I can’t imagine not being a therapist, and yet, I can imagine myself doing other things… so I do them! In addition to being a therapist, I am a writer working on finishing up my first memoir, and I am also a jewelry designer for my own line, Live Rainbowfully.
My eventual retirement plan is to buy a huge plot of land and then adopt as many rescue dogs as possible. I’ve already started on this goal: I have five! In addition to these things, I would say I’d be pursuing my childhood dream of being on Broadway (I studied musical theatre as a child/teenager) or be a pediatrician.
5. What do you do as self-care? (Mindfulness practices, exercise, etc.)
Jump in the ocean whenever possible! The beach is my happiest place. Since that is not always possible… I rescue animals and give them all the love! It is so rewarding. I also bead and make jewelry and work on building my jewelry business. I go to the theatre as much as I can. I exercise regularly: I love spinning, cardio dance and yoga (fun fact: I completed a 200 hour yoga teacher training).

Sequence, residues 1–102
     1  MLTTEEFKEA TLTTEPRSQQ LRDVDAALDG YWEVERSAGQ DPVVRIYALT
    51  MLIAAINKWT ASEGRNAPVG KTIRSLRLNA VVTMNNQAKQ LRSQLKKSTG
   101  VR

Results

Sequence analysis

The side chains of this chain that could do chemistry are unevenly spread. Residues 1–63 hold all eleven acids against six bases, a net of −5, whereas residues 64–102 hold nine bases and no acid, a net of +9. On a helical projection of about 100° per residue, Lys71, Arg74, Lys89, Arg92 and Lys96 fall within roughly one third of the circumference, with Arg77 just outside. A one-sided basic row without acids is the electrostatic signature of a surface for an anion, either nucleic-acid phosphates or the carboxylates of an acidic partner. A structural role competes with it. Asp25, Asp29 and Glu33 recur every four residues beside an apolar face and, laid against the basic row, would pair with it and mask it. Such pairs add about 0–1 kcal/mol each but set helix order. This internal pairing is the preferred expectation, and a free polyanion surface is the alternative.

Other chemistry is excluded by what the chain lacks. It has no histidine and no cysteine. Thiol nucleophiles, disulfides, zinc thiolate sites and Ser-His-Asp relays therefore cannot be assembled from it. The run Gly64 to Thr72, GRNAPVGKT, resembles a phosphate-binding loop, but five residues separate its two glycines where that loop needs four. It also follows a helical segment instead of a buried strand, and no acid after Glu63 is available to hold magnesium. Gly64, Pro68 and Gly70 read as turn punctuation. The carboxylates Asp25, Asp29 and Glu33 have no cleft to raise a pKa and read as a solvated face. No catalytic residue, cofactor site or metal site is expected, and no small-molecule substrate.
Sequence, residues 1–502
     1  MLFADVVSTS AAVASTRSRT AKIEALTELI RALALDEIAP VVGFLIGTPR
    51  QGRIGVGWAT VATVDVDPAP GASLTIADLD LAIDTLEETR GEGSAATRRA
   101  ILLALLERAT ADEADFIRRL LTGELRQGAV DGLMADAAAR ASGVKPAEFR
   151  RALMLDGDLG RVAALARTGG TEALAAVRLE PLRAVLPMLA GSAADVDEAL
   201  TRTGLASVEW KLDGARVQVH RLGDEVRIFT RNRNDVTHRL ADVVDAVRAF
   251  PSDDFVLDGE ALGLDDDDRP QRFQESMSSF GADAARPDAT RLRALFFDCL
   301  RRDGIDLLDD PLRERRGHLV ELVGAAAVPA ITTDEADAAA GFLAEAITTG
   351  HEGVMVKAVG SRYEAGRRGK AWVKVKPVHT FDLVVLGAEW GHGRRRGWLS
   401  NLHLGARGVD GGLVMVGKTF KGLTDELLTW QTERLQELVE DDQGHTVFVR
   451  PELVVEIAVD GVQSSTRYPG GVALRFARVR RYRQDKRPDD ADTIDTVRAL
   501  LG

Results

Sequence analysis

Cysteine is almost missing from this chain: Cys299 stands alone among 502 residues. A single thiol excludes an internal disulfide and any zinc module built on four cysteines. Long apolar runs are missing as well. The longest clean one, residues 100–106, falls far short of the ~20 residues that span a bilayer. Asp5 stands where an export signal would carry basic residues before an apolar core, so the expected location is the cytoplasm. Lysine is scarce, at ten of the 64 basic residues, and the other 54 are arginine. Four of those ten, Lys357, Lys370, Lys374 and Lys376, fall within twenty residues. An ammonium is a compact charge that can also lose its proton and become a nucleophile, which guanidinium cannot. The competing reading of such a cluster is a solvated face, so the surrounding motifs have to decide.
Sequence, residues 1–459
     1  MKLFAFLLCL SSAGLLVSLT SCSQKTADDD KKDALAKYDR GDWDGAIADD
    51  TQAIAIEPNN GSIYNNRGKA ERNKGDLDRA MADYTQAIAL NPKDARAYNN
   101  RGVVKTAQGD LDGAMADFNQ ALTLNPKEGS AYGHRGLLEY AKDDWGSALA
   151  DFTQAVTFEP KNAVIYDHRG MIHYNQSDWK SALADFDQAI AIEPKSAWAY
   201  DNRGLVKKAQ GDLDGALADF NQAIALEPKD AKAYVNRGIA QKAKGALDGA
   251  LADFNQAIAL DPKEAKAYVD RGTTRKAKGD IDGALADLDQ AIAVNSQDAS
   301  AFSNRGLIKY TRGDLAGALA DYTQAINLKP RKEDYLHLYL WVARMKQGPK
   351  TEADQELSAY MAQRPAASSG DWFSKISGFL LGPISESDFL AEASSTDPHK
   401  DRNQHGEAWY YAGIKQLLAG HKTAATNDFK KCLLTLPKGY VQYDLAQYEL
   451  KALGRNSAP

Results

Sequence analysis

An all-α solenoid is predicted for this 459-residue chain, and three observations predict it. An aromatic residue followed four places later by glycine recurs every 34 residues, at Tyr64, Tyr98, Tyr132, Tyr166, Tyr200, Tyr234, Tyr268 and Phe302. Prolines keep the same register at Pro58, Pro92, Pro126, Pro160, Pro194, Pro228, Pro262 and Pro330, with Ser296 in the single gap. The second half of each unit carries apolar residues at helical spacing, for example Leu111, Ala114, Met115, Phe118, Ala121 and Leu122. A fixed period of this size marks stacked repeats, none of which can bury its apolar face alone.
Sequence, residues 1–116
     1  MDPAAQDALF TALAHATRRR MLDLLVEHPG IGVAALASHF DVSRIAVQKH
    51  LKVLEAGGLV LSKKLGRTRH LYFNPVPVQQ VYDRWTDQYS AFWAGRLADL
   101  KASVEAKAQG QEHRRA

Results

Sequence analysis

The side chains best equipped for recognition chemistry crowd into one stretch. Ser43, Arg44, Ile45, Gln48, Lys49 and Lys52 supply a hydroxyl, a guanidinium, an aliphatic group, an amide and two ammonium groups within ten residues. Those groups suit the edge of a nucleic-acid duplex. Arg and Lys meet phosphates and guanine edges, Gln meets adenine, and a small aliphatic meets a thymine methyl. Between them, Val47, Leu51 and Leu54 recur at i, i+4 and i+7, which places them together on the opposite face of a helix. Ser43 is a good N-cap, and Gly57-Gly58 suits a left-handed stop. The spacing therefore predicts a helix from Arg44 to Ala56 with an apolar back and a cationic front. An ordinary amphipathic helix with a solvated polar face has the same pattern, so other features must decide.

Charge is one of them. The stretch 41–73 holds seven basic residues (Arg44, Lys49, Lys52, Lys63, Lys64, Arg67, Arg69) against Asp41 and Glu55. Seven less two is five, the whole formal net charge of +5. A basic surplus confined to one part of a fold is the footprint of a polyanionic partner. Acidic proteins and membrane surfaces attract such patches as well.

Above all for self care, though, is that I ask for help from my own support system if and when I need it. I think that asking for help/support is the ultimate self-care.
6. What’s your favorite quote or mantra?
Too many quotes to pick one, so I’ll focus on some mantras:
“Be who you needed when you were younger” keeps me mindful of why I do what I do and what my goal is as a therapist.
“Everything is figureoutable.” Because it is. It may not be perfect or the way we want things to be, and we can always figure out a non-catastrophic solution to something, even if our thoughts try to convince us otherwise.